But the problem with creating this distance, by default allowing students to assume I was straight was… all the students assumed I was straight. I’d solved for one extreme of the friendly-strict balance, but I worried I was missing opportunities to mentor and teach into an important part of my identity.
So, like a true English teacher, I turned to books. I was lucky to be at a school with a flexible curriculum, so I packed my lessons and book bins with queer stories written for young people. We read Fat Angie by E.E. Charlton-Trujillo in an advanced reading group, while another group dove into George by Alex Gino. Together, we read excerpts from I Am Jazz by Jazz Jennings. These led to conversations about gendered pronouns, being true to yourself, and queer love. Exchanges like this would happen between students:
Student 1: “I think George did that because he – wait, should I say he or she?”
Student 2: “George knows that she’s a ‘she,’ so that’s what you should say.”
This was a big moment for Student 1, who, a week prior, couldn’t hear the word “transgender” without compulsively hissing “ewww, that’s nasty.”
Another student came out to his advisory group after reading George, saying he felt comfortable doing so because George had a friend who supported her.
And then there was the blessing known as independent reading time. The extremely gay-looking covers of books like Tomboy by Liz Prince and Girl Mans Up by M-E Girard could do the bulk of the coming out for me (I know you’re straight, Liz, but thanks for the representation all the same).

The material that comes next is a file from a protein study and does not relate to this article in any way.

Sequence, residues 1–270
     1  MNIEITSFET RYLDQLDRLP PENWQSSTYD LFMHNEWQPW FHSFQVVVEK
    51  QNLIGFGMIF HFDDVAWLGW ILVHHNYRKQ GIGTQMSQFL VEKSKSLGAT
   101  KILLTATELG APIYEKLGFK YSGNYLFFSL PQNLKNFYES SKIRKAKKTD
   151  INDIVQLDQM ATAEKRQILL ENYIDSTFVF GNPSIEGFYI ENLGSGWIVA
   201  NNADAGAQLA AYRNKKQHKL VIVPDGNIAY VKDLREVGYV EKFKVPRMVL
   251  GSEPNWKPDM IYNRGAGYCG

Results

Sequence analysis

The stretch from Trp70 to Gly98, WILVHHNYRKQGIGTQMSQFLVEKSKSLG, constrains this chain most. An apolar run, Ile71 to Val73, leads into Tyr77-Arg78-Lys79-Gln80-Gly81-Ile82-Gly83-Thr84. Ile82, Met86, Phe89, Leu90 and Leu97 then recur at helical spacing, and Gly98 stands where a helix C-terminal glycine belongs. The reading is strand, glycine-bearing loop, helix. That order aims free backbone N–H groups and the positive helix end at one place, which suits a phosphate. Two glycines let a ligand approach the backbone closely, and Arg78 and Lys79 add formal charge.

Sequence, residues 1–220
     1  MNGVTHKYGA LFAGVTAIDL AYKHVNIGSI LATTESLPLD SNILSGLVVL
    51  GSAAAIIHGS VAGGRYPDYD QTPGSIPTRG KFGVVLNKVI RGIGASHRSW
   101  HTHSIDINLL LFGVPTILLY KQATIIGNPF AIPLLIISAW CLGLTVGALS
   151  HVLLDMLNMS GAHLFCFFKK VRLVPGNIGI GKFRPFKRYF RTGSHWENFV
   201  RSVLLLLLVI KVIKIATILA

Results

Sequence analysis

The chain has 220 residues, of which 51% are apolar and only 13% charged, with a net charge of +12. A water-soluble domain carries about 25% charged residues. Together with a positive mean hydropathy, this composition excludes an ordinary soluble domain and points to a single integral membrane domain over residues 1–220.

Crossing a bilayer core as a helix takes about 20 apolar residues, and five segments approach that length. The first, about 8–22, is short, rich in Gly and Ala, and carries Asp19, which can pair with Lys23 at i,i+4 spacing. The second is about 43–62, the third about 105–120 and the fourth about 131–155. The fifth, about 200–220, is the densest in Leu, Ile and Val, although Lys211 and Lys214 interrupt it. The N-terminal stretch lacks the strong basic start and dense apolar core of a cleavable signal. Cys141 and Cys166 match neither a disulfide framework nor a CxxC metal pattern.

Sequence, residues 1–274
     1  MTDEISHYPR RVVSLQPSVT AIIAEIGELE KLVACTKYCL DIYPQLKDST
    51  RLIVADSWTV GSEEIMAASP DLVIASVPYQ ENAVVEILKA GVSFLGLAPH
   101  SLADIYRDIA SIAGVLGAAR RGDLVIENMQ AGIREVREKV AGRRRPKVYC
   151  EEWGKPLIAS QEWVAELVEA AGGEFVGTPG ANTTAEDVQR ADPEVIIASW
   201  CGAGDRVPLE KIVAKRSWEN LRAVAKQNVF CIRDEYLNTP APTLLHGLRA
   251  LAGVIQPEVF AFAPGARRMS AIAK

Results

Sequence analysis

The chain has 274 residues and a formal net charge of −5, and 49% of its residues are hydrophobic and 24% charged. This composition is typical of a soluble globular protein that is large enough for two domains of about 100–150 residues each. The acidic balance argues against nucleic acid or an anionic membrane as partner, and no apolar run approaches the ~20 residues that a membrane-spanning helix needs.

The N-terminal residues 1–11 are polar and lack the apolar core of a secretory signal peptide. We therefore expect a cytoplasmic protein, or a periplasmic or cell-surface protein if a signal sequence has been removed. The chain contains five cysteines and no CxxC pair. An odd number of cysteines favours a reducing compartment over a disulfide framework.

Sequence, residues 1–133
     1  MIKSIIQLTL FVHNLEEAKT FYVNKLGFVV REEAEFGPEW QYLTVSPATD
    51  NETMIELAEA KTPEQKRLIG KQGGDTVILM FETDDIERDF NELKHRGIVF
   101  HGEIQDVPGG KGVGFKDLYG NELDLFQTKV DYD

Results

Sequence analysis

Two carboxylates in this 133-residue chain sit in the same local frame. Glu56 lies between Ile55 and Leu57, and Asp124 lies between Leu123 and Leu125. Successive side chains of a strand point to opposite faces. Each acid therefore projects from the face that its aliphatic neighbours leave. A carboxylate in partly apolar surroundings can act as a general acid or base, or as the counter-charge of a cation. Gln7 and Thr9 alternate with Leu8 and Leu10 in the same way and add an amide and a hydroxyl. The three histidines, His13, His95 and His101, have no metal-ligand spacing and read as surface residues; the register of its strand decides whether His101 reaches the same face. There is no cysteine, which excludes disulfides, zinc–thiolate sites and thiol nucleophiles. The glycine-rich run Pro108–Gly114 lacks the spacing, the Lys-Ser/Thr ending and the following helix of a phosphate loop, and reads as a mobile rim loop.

I discovered all I had to do was read one of these books from my perch at the front of the classroom, and the queer or questioning students would come to me. One of the closest relationships I had with a student started when I had my face buried in Girl Mans Up. Her eyes widened as she took in the cover art: an illustration of a butch lady leaning against a wall in a super gay way.
“Miss,” she stage-whispered. (Middle schoolers are very bad at whispering. One benefit of my sterner classroom demeanor, though, is that kids now at least tried to whisper when it was quiet time.) “Miss, I need to borrow that book.”
I see you, I thought.
“Sure, when I’m done,” I said.
She came to me for advice a few weeks later, when several friends were icing her out after she expressed a crush on another girl. I came out to her shortly after, over lunch in my classroom. Four years after the chaos of responding “no, I have a girlfriend” to that boy in the cafeteria, I was saying the same thing to another student, but with much more intention behind it.
These relationships make me wonder what my coming out journey would’ve been like if I’d known any queer adults when I was in middle school. Or if seventh-grade me had found, in books, words for the feelings I wouldn’t admit I had. Maybe I would’ve recognized my high-school crush on my friend’s older sister for what it was? Maybe I would’ve had the ovaries to be honest with myself and my then-boyfriend when I was nineteen about wanting to date women instead?
These what-ifs are impossible to know. What I do know is the authors who wrote all the books I mentioned (and others) have helped make middle school a little less shitty for at least a few kids, and that’s pretty fucking rad.